Life Cycle Costing for Construction
Taylor & Francis, Oct 4, 2003 - Architecture - 176 pages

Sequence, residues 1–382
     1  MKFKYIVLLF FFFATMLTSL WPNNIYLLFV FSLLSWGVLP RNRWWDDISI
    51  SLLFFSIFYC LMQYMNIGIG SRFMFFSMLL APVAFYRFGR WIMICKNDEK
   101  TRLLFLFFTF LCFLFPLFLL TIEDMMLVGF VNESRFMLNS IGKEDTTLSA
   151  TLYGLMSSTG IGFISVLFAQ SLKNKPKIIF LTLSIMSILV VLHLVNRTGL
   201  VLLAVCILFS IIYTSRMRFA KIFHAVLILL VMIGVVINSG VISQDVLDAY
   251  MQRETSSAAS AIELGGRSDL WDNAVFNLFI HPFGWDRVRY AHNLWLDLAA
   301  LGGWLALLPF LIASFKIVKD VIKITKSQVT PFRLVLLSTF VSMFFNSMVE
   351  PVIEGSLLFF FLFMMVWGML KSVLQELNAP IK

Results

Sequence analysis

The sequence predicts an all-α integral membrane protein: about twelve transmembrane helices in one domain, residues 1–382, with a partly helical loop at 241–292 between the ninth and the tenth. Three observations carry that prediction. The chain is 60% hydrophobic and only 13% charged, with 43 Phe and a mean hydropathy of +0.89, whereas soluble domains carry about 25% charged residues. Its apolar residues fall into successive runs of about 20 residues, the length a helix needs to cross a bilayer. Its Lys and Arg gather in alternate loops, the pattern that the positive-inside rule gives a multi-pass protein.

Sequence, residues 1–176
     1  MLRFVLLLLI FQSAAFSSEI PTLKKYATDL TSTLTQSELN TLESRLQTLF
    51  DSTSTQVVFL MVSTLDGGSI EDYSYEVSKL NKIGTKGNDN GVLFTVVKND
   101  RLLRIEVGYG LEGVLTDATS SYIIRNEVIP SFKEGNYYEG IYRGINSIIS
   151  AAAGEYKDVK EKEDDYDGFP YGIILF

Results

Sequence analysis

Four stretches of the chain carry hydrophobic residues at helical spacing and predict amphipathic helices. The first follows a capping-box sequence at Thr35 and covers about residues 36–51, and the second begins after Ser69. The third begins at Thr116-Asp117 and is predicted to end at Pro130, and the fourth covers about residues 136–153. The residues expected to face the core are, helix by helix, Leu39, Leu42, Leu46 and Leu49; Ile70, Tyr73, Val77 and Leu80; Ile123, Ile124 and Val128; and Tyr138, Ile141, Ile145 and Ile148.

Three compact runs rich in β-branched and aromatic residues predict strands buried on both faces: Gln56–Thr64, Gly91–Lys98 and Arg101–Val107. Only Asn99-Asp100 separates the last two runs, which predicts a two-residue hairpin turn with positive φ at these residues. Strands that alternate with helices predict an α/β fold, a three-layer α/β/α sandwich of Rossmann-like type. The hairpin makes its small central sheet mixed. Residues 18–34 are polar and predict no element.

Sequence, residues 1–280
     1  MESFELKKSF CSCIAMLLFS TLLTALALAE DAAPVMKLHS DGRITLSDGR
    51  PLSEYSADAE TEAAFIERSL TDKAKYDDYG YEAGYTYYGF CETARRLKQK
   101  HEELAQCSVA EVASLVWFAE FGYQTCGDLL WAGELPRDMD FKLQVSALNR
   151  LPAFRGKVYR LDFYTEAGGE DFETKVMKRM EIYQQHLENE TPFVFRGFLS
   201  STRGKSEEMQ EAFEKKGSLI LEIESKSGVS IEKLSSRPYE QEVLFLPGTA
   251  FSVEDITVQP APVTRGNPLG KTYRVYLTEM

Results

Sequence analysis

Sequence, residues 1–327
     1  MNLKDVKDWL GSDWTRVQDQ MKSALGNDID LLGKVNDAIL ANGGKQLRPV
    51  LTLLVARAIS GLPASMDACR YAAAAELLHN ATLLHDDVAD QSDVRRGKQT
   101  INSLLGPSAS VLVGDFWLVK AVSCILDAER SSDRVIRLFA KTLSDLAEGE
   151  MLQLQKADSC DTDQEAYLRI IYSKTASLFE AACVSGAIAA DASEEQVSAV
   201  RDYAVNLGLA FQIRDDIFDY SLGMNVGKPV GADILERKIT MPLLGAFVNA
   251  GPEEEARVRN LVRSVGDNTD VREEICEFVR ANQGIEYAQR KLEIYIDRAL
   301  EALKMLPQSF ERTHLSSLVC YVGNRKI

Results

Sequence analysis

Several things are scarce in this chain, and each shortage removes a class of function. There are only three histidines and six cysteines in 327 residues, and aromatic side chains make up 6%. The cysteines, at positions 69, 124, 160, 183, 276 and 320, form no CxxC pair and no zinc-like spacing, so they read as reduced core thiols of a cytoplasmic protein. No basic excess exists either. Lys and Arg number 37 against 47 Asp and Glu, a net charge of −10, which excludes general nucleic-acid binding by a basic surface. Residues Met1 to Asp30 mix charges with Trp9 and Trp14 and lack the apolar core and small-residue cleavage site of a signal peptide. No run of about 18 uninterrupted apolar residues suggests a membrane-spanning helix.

The construction industry is becoming increasingly aware of the need to adopt a holistic approach to the design, building, and disposal of structures. With 60 per cent of the total construction budget in most developed countries being spent on repair and maintenance, there is an obvious need to design for reliability and durability, with more carefully planned maintenance and repair schedules. One important facet is to look at how costs are distributed and spent during the lifetime of a structure: an approach known as life cycle costing, which has the ultimate aim of minimising total lifetime expenditure. As an example, choosing an inexpensive coating for steelwork may require maintenance every three years, whereas a coating which is more expensive may require repairing only once per decade. It is a question of balance - taking the lifetime costs of the structure into consideration. This new book provides an insight into how whole life costing is affecting our approach to designing, building, maintaining and disposing of structures. The book is written for consulting engineers in the fields of civil and structural engineering, building designers, architects, quantity surveyors, refurbishing specialists, as well as practising civil and structural engineers engaged in planning, design, construction, repair and refurbishment of structures.
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